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From the News Desk: Alliances push forward shipping’s decarbonisation

Meanwhile, the coronavirus pandemic continues to accelerate investment in digitalisation

Otherwise unlikely collaborations are forming among leading companies in shipping as the sector looks for ways to solve the conundrum of decarbonisation. Meanwhile, more investments are being made in digitalisation projects, particularly in logistics

MAERSK and CMA CGM are among the container lines that are launching or joining consortia to push forward shipping’s decarbonisation agenda.

Maersk, the largest container shipping line in the world by capacity, has been a pioneer in this regard and in 2018, it announced plans to have a carbon-neutral vessel on the water by the end of the decade.

The rationale for the move was that a ship built in 2030 would still be operational in 2050. If the industry wanted to reach carbon neutrality by mid-century, it had just over 10 years in which to find a solution. It also said it wanted to work with all the constituents in the supply chain, be they current manufacturers, suppliers or competitors, and was seeking to tap into new innovations and work with governments around the world.

The seeds of those initial ambitions have resulted in the Maersk Mc-Kinney Moller Center for Zero-Carbon Shipping.

The centre, launched with the backing of the AP Moller Foundation, the Maersk Mc-Kinney Moller family-run fund, is a coalition of seven maritime groups, including Maersk and NYK, that will see some of the biggest names in the sector collaborating through an established institution rather than via a coalition or for the purposes of a single pilot project.

Rival French carrier CMA CGM was an initial supporter of Maersk’s moves to seek industry collaboration on carbon emissions. While it did not join Maersk’s venture, it has since launched a similar programme with the same goals.

CMA CGM has teamed up with 10 partners to form a coalition that seeks to accelerate the development of energy sources and technologies to address the challenges posed by “sustainable mobility in the transport and logistics industry by reducing emissions, fighting global warming and protecting biodiversity”.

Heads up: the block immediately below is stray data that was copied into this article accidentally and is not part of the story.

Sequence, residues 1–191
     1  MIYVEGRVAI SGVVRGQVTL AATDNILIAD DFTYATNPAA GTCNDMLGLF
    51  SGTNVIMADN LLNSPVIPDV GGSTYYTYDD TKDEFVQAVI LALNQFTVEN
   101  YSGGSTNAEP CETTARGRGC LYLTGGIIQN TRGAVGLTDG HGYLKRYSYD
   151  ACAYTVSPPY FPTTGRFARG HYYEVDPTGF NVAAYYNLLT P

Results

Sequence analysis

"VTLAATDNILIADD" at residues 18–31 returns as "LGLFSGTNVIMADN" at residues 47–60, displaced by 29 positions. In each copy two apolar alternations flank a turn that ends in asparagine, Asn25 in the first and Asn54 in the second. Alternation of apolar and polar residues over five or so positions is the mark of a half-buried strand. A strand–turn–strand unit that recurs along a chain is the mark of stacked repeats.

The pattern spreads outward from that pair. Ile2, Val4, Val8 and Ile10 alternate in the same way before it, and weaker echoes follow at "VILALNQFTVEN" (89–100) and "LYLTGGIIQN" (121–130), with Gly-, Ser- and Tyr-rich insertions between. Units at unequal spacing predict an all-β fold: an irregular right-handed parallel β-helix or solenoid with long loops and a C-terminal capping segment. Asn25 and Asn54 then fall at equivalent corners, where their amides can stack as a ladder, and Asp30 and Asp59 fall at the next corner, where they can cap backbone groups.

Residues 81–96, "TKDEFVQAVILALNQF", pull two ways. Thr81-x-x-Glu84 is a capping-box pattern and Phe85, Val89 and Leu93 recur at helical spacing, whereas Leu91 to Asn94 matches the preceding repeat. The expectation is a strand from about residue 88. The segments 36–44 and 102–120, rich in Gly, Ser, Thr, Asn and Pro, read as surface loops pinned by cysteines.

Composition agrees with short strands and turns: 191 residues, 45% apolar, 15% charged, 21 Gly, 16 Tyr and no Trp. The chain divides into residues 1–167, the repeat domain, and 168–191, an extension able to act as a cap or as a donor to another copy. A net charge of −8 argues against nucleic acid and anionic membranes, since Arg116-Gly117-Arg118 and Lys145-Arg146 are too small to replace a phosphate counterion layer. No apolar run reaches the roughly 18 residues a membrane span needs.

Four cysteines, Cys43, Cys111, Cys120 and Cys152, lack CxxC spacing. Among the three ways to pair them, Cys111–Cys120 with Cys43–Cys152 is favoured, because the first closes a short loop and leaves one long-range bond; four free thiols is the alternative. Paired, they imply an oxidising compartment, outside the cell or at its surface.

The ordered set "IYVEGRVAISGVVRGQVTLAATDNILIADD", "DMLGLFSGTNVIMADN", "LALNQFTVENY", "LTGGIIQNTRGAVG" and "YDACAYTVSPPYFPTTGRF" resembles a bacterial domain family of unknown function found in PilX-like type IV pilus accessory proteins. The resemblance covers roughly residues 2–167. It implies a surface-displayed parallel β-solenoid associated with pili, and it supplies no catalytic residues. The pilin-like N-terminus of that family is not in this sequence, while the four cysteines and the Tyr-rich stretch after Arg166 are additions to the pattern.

As with Maersk, it is looking beyond the shipping sector and its members include customers, financial institutions, energy company Total and engineering group Wärtsilä.

The key to both Maersk’s and CMA CGM’s efforts is the realisation that the decarbonisation of shipping is not a problem that the industry can solve on its own.

Safety concerns

One of the key challenges to achieving emission reductions in future will be the development of new fuels in the coming years.

But as Ed Fort, global head of engineering systems at Lloyd’s Register, told Lloyd’s List this week, the alternatives to fossil fuels will likely present new safety concerns to which the industry has very little experience.

“While all fuels pose a potential safety risk, the storage and combustion of hydrogen and ammonia — in particular within the confines of a ship — represents a significantly greater safety risk than that associated with the long-established residual and distillate fuel oils,” said Ed Fort, global head of engineering systems at Lloyd’s Register.

Like natural gas, hydrogen and ammonia are ‘low-flashpoint’ fuels that exist as gas under ambient conditions and are generally stored as liquids.

However, hydrogen is much more easily ignited than natural gas, with even a weak static discharge enough to ignite hydrogen in air. It is also flammable over a much wider range of air concentration and can explode under certain conditions.